The Filipino-American ‘A Wrinkle in Time’ star on the book, representation, and his crush on ScarJo.


When the trailer to A Wrinkle in Time dropped, eagle-eyed devotees of Madeleine L’Engle’s beloved book series were on the hunt for even a sliver of Charles Wallace—main character Meg Murry’s little brother (who eventually becomes the main character in a later book). And they found him, there in the form of eight-year-old Filipino-American actor Deric McCabe. He tells us about working on his first big film project, his trailer, and his love for Scarlett Johansson.


How did you get into acting?
Well, I was once watching a Scarlett Johansson movie—The Avengers—doing stunts, and I was like “Wooow! I wanna do that!”

I heard you’ve got a huge photo of her! How did you get it?
So Ava [DuVernay], the director, was the first person that I told that I have a huge crush on Scarlett Johansson. So as a starting gift, when we first started filming, she gave me a huge photo of her, and I put it up in my trailer.

When you were auditioning for A Wrinkle in Time, were you already a fan of the book?
I didn’t know there was a book until Ava told me! So I had no idea that it was already a story. I’m still reading it right now, because you know, it’s like a looong book. It’s really good because I get to compare the two, the movie and the book.

Noticed any big differences?
Well, there’s nothing I would have done differently [as Charles Wallace], but definitely I’m noticing huge differences from the movie and in the book. The flowers! They don’t talk at all, and they’re not used to catch people falling out of the sky. They’re actually just to get oxygen for the people.

So what was the filming like?
It was really fun filming, because there were so many blue screens and green screens! And it’s really fun to watch it come to life. But I really liked filming the cave scene—with Zach Galifianakis—because it was a place where they built it, and they didn’t use any CGI on it. There wasn’t any blue screen—they built the whole thing!


Storm Reid, Deric McCabe, and Reese Witherspoon


Speaking of Zack Galifianakis—you got to work with a lot of more experienced actors in the film.
Well, it was really funny, because at first, I didn’t know who any of them were. My mom was just like, “Oh my god, you’re going to work with Oprah Winfrey.” And I was like, “Oh my gosh! Oprah! Oh my gosh, she’s so amazing… who is she and what did she do?” And when I met them, it was really amazing because they’re so down to earth, and they’re just regular people. Levi [Miller] was super sarcastic in many different ways—he’d tell a story that was completely made up and with a completely straight face, so I didn’t believe him. So at the end of filming, I didn’t believe anything he’d say. So he’d say, “Hi,” and I’d say, “Oh yeah, right.”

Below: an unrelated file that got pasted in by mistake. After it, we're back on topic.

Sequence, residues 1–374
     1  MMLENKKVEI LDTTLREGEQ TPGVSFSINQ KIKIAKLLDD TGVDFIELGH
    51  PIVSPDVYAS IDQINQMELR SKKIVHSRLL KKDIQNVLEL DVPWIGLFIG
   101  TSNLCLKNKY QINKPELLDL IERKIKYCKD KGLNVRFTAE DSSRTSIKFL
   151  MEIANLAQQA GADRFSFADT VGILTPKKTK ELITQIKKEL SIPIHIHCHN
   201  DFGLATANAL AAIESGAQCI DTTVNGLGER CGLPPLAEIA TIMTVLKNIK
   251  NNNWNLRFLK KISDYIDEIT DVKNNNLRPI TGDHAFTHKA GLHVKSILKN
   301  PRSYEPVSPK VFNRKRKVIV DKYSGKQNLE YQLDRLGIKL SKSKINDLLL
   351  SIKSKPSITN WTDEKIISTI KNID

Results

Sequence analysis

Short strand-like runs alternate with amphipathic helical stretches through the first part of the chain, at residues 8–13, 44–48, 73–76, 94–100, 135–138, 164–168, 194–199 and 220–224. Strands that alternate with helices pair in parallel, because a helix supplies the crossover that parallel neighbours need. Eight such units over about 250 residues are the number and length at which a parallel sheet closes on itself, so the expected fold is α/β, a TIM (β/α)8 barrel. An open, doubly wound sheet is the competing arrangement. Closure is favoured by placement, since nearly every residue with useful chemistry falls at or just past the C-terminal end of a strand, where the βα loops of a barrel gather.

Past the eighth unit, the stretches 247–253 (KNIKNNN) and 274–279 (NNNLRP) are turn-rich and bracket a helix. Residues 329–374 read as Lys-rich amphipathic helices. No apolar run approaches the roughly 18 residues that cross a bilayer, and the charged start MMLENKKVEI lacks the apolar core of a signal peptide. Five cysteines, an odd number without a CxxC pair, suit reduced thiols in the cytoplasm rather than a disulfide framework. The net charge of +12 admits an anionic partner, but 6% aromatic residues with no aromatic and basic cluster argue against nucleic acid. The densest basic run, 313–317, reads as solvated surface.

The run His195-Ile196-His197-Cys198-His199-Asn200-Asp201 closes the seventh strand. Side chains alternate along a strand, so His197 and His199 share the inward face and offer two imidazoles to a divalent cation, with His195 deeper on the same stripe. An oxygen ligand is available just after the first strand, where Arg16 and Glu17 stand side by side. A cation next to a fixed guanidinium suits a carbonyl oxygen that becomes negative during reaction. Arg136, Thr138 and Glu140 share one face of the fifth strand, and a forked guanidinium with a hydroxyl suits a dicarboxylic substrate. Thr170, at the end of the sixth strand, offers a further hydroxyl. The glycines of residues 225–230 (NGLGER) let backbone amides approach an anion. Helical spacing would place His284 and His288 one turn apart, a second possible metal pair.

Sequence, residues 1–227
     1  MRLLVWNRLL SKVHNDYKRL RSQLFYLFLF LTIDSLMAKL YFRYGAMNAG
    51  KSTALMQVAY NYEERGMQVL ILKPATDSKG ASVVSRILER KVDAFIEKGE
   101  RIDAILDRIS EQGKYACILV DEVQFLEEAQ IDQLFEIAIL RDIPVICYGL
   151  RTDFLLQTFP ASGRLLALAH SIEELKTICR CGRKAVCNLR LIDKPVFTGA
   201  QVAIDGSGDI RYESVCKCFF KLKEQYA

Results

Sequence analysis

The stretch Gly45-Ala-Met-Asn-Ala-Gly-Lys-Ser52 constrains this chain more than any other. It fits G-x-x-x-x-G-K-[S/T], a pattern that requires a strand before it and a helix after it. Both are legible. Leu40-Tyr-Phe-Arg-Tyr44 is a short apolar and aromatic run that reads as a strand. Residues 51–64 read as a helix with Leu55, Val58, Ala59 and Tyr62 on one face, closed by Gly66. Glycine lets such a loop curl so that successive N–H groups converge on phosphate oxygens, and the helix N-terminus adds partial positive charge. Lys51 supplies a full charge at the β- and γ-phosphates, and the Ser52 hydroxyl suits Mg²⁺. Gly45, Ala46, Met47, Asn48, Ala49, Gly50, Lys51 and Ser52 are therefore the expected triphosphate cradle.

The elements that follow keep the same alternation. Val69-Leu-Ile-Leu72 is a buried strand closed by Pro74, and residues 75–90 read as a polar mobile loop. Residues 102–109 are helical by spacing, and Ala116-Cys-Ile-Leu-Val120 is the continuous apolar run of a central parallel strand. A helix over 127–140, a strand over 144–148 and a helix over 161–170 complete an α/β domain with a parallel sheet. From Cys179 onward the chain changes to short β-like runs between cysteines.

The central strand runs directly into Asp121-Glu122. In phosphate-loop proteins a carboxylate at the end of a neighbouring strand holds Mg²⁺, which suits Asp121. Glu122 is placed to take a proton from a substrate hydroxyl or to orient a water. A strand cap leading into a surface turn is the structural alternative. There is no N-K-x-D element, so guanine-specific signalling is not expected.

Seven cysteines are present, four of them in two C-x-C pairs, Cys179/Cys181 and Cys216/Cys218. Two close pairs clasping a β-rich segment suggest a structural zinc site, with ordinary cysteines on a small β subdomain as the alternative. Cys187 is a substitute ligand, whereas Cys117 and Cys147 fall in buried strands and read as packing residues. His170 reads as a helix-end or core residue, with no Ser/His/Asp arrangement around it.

And this is your first big film project after doing mostly commercials—was there anything you had to adjust to?
It was crazy because they have all these lights now, and they build so many things by hand. They also have these big cameras, and it’s really crazy! But other than that, nothing, really, other than having a huge trailer.

What’s in your trailer?
My Scarlett Johansson poster, a bathroom, a TV, and a couch—oh, and a fireplace!

Last question! Representation is a huge topic in film right now. What do you feel about representing Filipinos in an American film?
Well, I feel like we’re not in films as much, so I feel like I have to represent Filipinos in the industry—and I’m really proud of it, being a Filipino. So I feel like there’s a lot of pressure, but I can’t let it get to me.

Patricia Chong
Patricia Chong was cursed at birth with a common name and now goes around calling herself Pacho. She hides out in her cave with an anime or the Lord of the Rings extended trilogy, and comes out for good food, spontaneous adventures, and (ugh) work.